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Bicultural Competence Development Among U.S. Mexican-Origin Adolescents

Abstract Biculturalism embodies the degree to which individuals adapt to living within two cultural systems and develop the ability to live effectively across those two cultures. It represents, therefore, a normative developmental task among members of immigrant and ethnic-racial minority groups, and has important implications for psychosocial adjustment. Despite a strong theoretical focus on contextual influences in biculturalism scholarship, the ways in which proximal contexts shape its development are understudied. In my dissertation, I examine the mechanisms via which the family context might influence the development of bicultural competence among a socio-economically diverse sample of 749 U.S. Mexican-origin youths (30% Mexico-born) followed f... (more)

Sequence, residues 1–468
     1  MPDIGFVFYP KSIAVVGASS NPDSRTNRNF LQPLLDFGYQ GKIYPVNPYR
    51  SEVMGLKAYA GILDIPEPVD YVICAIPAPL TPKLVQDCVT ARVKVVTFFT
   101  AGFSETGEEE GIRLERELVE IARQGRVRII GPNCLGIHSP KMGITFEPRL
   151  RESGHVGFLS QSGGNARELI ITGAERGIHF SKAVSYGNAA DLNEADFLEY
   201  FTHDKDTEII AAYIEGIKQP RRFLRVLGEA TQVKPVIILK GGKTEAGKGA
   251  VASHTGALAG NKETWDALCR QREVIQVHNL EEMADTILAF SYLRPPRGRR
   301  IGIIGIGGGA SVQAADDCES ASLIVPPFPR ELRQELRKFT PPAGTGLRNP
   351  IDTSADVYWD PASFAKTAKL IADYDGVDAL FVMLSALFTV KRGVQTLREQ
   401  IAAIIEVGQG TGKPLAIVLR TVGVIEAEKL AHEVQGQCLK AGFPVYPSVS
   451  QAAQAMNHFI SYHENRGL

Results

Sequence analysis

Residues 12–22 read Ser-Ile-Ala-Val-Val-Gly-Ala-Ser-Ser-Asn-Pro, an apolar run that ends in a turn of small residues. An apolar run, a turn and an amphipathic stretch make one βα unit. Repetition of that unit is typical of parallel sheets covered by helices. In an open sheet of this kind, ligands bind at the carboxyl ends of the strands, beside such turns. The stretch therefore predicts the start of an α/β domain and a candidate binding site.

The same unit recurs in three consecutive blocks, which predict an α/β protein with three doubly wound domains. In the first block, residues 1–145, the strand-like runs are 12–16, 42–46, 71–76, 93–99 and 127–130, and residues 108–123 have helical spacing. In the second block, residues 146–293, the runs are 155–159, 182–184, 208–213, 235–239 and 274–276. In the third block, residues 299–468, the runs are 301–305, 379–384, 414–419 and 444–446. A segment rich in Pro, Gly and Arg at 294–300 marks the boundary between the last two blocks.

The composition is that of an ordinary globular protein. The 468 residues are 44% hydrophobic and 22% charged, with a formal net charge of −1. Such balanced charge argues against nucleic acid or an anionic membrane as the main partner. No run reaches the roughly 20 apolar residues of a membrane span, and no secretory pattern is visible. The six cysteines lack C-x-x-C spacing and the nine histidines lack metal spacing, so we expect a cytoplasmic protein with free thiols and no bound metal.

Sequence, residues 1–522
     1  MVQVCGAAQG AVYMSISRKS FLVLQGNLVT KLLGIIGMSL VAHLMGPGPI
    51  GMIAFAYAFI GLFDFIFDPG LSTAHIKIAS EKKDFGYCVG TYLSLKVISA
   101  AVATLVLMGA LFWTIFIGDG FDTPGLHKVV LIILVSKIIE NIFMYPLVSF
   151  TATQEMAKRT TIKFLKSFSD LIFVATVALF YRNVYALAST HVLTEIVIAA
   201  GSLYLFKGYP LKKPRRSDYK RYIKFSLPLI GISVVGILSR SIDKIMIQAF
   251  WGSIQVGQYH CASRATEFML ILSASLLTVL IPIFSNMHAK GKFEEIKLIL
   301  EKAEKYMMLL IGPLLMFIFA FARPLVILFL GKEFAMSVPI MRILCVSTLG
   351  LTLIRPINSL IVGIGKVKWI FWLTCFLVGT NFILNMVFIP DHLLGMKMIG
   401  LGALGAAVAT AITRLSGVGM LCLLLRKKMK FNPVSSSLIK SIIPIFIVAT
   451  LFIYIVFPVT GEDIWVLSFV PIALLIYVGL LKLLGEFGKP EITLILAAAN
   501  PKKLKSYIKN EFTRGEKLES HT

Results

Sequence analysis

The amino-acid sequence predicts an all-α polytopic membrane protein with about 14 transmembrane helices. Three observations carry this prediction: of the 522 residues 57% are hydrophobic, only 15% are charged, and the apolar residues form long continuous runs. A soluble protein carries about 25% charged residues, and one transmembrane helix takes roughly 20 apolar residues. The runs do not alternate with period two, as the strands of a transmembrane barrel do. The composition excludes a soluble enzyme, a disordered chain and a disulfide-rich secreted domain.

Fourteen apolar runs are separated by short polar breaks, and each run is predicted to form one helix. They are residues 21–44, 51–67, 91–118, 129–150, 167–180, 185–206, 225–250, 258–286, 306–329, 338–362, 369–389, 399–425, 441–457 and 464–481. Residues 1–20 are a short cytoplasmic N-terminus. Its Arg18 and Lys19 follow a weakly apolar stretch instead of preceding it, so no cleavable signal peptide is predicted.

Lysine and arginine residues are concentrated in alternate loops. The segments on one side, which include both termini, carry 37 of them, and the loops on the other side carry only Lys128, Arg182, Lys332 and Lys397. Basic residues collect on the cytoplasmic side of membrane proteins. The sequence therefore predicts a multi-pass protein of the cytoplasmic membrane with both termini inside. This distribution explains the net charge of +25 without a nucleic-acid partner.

Created Date 2019
Contributor Safa Pernett, Maria Dalal (Author) / White, Rebecca M. B. (Advisor) / Knight, George P. (Committee member) / Updegraff, Kimberly A. (Committee member) / Wilkens, Natalie D. (Committee member) / Arizona State University (Publisher)
Subject Developmental psychology / Biculturalism / Context / Development / Dual-Cultural Adaptation / Ethnic Socialization / Family Stress Model
Type Doctoral Dissertation
Extent 145 pages
Language English
Note Doctoral Dissertation Family and Human Development 2019
Collaborating Institutions Graduate College / ASU Library
Additional Formats MODS / OAI Dublin Core / RIS

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Description Dissertation/Thesis